The retrobulbar pain with eye movement, although more suggestive of inflammatory optic neuropathy, is reported by 10% of patients with AION (10). Our laboratory evaluation revealed no evidence of an underlying autoimmune process, vasculitis, or infection. The initial disc appearance, absence of subsequent improvement in visual function, and eventual profound optic atrophy would be atypical for demyelinating optic neuritis. Furthermore, the patient had no history of neurologic symptoms or MRI lesions to suggest systemic demyelinating disease. For all of these reasons, we are confident that our patient had an ischemic, rather than inflammatory, optic neuropathy.
Sildenafil citrate is the first of a new group of oral agents approved for managing male erectile dysfunction that acts directly on the penile vasculature (11). During sexual stimulation, the cavernous nerves release nitric oxide (NO), which induces cyclic guanosine monophosphate (cGMP) formation and leads to smooth muscle relaxation and increased blood flow to the corpus cavernosum. The result is an erection (12). Phosphodiesterase type 5 (PDE5) is a naturally occurring enzyme, found in high concentrations in the corporis cavernosum, that breaks down cGMP. Sildenafil citrate selectively inhibits PDE5, thus blocking the breakdown of cGMP and facilitating the erectile process (13). The NO-cGMP pathway also plays an important role in modulating systemic blood pressure through its effect on basal vascular tone.
We believe that sildenafil citrate may have contributed to the episode of AION in our patient. The sildenafil citrate may have accentuated his physiologic nocturnal hypotension enough to decrease the perfusion pressure in the posterior ciliary arteries. This effect resulted in ischemia in a disc that was already predisposed to AION by the anatomic disc-at-risk configuration. The temporal relationship between the doses of sildenafil citrate and the onset of visual loss make it difficult to accept the notion that these were unrelated coincidental events.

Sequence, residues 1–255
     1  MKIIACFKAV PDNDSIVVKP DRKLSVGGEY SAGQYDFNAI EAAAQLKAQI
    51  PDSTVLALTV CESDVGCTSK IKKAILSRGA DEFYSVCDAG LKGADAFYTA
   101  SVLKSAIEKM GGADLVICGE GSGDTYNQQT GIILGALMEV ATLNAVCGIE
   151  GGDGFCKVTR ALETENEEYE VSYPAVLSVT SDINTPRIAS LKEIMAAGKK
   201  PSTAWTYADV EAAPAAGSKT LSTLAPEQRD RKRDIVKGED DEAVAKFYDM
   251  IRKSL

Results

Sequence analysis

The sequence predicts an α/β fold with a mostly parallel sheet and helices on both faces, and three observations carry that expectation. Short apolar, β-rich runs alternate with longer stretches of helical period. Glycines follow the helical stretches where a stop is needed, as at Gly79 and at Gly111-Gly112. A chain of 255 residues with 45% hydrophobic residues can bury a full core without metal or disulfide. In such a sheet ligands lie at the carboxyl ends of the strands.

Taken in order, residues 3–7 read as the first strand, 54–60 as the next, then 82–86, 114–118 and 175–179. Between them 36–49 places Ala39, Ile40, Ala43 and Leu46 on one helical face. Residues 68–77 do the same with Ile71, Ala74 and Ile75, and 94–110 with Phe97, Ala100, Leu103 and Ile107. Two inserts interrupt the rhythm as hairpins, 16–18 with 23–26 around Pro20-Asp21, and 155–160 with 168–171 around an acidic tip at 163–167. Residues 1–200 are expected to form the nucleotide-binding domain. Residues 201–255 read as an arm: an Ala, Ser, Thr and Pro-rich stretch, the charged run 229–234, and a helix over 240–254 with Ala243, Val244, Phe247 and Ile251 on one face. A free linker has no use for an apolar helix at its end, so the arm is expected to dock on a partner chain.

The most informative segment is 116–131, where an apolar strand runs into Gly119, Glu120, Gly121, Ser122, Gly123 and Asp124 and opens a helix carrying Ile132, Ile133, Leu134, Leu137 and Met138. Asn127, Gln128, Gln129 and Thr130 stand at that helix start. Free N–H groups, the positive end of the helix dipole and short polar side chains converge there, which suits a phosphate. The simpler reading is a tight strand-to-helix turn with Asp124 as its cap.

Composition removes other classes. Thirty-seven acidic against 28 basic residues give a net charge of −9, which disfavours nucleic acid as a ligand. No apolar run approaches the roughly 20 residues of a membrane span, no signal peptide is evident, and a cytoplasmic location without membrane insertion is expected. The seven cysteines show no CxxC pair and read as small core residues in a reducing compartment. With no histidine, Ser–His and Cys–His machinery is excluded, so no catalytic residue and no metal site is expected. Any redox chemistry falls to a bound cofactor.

To date, there has been only one other published case report temporally linking an episode of AION to sildenafil citrate (14). We are aware of two similar cases of anterior ischemic optic neuropathy related to sildenafil citrate use (oral communication with Howard Pomeranz, MD). We also examined another patient who reported sildenafil citrate use the night before experiencing acute visual loss in one eye from AION. However, the patient, a 60-year-old male, had experienced a previous episode of AION in the fellow eye several months before his first dose of sildenafil citrate. He, like our reported patient, had bilateral disc-at-risk anatomy.
We suggest that a complete review of medications, including specific questions about sildenafil citrate use, is essential in the evaluation of patients with signs and symptoms of AION. Some patients may be reluctant to volunteer information about their use of sildenafil citrate because of the stigma associated with erectile dysfunction. Our patient, for example, did not inform us about his sildenafil citrate use until his wife was absent on one of the follow-up visits. We believe sildenafil citrate is relatively contraindicated in patients with a history of AION. In addition, it may be reasonable to counsel patients with bilateral disc-at-risk anatomy to be cautious about using sildenafil citrate or any other medication that might cause hypotension.
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Keywords:© 2001 Lippincott Williams & Wilkins, Inc.
Viagra; Sildenfil citrate; Anterior ischemic optic neuropathy; Crowded discs; Hypotension; Neuropathy